Increase in Radial PCI at VA Hospitals Imparts Lower Transfusion Rates

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Transradial access for percutaneous coronary intervention (PCI), though still rare, is rapidly becoming more common at Veterans Affairs (VA) hospitals, according to study published online August 13, 2013, ahead of print in Circulation: Cardiovascular Interventions. At centers doing at least 50 transradial cases per year, the technique is associated with a lower risk of post-PCI blood transfusion.

Investigators led by Antonio Gutierrez, MD, of Brigham and Women’s Hospital (Boston, MA), analyzed data from the Clinical Assessment, Reporting, and Tracking (CART) program on 21,485 patients treated at the 49 out of 60 VA facilities that performed at least 1 radial PCI procedure in the study period between October 2007 and September 2010.

Cases were divided by whether they occurred at sites performing a high volume of at least 50 radial PCIs per year (n = 2,414 procedures at 5 sites) or a lower volume of radial PCIs (n = 19,044 procedures at 44 sites).

No Survival Benefit Seen

Overall, 1,309 radial procedures were performed (6.1%). Volume varied widely among VA hospitals, with 20% of sites performing only 1 to 3 cases during the study period and 4% employing radial for 40% of their cases. There was a fourfold increase in the use of radial PCI over the course of the study, from 2.1% in 2007 to 8.8% in 2010.

On propensity-matched analysis (n = 5,060 cases), radial PCI was associated with reduced rates of blood transfusion at high-volume sites compared with femoral PCI, though mortality was unaffected (table 1).

Table 1. Outcomes by Access Route at High-Volume Sites

 

Femoral

Radial

P Value

Blood Transfusion
3 Days
7 Days


1.7%
2.2%

0.2%
0.5%

< 0.001
0.001

Death
30 Days
360 Days

1.3%
6.3%

1.5%
4.8%

 0.812
0.185


At low-volume sites, however, rates of blood transfusion at 3 and 7 days did not differ by access route. At 3 days, 1.1% of patients undergoing femoral PCI required a transfusion, compared with 1.4% of radial PCI patients (P = 0.615); at 7 days, those rates were 1.7% and 1.6%, respectively (P = 0.926). Mortality again was similar between the 2 groups.

Further analysis of transfusion rates showed that the probability of being transfusion-free was higher for radial vs. femoral patients who underwent the procedure at high-volume sites (P = 0.02) but not at low-volume sites.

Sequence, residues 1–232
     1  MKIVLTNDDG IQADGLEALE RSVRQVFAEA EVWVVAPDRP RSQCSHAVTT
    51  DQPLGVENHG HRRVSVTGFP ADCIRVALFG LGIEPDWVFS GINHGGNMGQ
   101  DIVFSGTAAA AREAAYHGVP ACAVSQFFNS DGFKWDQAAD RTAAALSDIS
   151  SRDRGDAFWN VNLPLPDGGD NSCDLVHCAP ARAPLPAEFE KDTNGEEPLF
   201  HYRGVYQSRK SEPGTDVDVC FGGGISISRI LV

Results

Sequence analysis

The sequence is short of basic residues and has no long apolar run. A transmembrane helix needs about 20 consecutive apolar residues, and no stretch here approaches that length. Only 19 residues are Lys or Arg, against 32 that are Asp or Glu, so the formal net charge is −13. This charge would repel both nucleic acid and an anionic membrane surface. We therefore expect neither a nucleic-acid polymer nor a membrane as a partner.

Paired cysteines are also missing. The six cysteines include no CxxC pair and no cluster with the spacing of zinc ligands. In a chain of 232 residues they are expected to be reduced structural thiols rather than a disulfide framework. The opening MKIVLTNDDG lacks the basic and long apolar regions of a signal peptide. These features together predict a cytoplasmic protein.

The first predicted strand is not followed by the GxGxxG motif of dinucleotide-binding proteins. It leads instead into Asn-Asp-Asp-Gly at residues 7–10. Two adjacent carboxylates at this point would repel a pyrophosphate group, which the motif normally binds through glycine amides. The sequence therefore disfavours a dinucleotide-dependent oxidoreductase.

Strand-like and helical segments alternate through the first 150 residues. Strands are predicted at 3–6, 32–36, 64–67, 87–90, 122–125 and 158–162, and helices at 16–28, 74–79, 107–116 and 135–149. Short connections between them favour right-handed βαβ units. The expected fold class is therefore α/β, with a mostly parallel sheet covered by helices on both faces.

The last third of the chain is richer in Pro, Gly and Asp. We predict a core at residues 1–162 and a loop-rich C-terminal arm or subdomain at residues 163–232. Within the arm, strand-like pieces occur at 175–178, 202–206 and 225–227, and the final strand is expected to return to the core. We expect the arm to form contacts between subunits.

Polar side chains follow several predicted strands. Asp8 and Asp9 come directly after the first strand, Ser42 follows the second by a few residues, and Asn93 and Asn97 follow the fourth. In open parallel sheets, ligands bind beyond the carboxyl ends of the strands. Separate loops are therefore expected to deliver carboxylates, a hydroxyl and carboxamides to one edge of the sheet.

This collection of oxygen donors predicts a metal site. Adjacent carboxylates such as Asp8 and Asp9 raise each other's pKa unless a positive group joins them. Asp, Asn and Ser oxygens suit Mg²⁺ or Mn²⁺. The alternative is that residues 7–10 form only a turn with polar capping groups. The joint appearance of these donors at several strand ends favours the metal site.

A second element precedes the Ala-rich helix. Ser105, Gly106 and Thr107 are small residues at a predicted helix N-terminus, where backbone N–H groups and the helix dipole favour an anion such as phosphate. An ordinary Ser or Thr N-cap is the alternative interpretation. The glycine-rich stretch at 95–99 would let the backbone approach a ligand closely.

Radial Becoming Routine?

The authors conclude that increasing use of radial PCI could be beneficial. “These data suggest that routine use of [radial] PCI and wider application of radial PCI, both of which would likely to greater technical proficiency with the procedure, have the potential to improve safety outcomes among veterans undergoing PCI,” they write.

Transfusions were administratively reported rather than clinically reported, meaning that other clinical bleeding events could have been overlooked. Adding in those additional events, however, would likely “increase the robustness of our results because using blood transfusion as a surrogate marker for bleeding underestimates the occurrence of this event,” Dr. Gutierrez and colleagues note.

Ian Gilchrist, MD, of Hershey Medical Center (Hershey, PA), told TCTMD in an e-mail communication that while transradial PCI is in a “growth phase” in the United States, further uptake will require more than increasing evidence of improved outcomes.

“I don’t think the ‘holdouts’ for transradial will switch just [due to] data,” he said, adding that lower volume providers will only change when more patients request the procedure or threaten to leave a practice.

Dr. Gilchrist reported being unsurprised that the new study did not pick up on any difference in mortality, since the patients were relatively stable and thus had a low risk of death. STEMI/NSTEMI patients, who tend to be higher risk, made up only about 20% of the total population, he noted.

Still, VA studies have the potential to make substantial changes to patient care, he concluded. “Analysis and publication of this type of data will be helpful in driving more to ‘best practices’ that save patients either blood, time in the hospital, or maybe even lives in the long run,” Dr. Gilchrist said.

 


Source:
Gutierrez A, Tsai TT, Stanislawski MA, et al. Adoption of transradial percutaneous coronary intervention and outcomes according to center radial volume in the Veterans Affairs Clinical Assessment, Reporting, and Tracking (CART) program. Circ Cardiovasc Interv. 2013;Epub ahead of print.

 

 

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Disclosures
  • Drs. Gutierrez and Gilchrist report no relevant conflicts of interest.

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